Todd Graf recently spent some time talking with Tracy Breen of the Drop-tine Report podcast. Graf has been filming his own hunts for the last 20 years, and has learned what works and what doesn’t when it comes to telling the story through the lens of a camera.
In this episode, the guys discuss how to properly film hunts, as well as some must-have equipment to film hunts. Todd also discusses a few of his most memorable hunts, including the 192-inch giant he killed in Illinois several years ago.
Listen to the podcast at the link below…
Todd's Tips for Self Filming Your Hunts
Know Your Equipment – Not knowing your equipment will lead to endless frustration and poor video quality. Know how to set it up quick and easy and in the dark.
Know Your Limitations with Light – What is the cutoff time for your camera’s ability to capture video content before losing quality? Practice with this and know your camera’s abilities. Many cameras will fail to capture a quality image in the low light minutes leading up to the end of shooting time.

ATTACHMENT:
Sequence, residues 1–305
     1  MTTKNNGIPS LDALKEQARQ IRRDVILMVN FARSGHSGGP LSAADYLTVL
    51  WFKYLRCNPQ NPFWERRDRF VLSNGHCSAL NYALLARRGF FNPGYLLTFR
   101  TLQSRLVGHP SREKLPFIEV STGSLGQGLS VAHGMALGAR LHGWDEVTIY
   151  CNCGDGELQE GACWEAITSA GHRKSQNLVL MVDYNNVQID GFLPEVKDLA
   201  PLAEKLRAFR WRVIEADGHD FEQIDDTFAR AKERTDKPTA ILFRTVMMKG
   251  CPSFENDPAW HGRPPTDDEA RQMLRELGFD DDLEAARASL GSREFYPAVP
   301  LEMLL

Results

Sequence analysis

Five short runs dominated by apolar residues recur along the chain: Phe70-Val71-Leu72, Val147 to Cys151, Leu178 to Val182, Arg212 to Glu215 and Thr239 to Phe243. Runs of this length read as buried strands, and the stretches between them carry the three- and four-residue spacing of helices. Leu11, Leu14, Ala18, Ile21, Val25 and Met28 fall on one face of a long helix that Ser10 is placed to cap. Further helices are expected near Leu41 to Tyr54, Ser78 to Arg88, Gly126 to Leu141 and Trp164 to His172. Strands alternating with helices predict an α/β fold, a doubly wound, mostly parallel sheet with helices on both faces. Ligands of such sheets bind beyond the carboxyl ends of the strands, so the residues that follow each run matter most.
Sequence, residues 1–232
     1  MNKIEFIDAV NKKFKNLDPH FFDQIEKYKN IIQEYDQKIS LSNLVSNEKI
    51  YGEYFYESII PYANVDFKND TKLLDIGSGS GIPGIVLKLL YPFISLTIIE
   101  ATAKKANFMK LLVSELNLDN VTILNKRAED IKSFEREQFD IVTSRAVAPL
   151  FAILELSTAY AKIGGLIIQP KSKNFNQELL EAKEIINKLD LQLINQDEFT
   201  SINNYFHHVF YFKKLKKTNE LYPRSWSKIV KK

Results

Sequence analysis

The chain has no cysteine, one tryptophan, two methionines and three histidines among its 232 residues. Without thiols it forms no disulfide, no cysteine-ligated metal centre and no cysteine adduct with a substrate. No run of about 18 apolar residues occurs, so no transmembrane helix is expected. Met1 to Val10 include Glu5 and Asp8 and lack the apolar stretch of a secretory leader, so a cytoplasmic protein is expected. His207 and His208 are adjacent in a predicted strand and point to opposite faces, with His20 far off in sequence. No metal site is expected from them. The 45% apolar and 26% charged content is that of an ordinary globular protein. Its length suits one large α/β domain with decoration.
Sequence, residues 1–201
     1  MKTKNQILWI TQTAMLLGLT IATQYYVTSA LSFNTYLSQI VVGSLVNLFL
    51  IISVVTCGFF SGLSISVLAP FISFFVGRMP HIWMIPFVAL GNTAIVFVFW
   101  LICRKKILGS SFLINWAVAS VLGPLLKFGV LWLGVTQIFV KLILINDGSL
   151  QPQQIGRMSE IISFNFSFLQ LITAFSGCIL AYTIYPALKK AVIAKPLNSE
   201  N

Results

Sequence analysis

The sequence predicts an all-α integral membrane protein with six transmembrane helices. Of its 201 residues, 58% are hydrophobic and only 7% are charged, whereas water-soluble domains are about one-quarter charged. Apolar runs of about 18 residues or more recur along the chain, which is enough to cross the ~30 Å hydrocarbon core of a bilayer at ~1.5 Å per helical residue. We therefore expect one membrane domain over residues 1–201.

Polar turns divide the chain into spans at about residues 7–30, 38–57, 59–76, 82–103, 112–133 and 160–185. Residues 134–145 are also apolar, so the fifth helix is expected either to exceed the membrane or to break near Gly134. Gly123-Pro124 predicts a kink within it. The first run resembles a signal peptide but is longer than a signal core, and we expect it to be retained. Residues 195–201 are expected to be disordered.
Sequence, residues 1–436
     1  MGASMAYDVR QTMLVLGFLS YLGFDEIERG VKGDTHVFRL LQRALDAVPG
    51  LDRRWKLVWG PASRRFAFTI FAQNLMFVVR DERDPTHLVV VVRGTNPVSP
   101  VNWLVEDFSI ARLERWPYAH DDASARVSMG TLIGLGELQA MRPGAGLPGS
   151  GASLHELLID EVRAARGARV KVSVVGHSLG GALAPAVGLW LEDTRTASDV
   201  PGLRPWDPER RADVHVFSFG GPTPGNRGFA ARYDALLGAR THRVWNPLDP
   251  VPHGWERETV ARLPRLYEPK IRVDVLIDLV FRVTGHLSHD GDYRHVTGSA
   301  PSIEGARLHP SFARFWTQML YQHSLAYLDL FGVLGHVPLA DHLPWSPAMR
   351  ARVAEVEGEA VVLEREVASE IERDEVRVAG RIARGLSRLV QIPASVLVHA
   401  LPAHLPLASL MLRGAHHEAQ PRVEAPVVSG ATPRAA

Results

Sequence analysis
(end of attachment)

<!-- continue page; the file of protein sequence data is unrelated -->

Know How to Zoom – There’s a happy medium here. Don’t get in too tight where you’re cutting the deer’s head or legs off, but don’t neglect zooming completely either. Viewers want to see the animal, not just some blob that looks to be 100 yards away.
Use a Tree Arm – Aside from the camera itself, this just might be the single most important tool you can have. The Fourth Arrow camera arm is hard to beat when it comes to lightweight equipment that goes on the tree quick and easy and delivers a rock solid foundation for your camera.
Practice with Your Equipment – Know ahead of time how to perform the basic functions of your camera. This will help you stay smooth and steady with your footage, and you won’t be fumbling with your camera when a big buck shows up.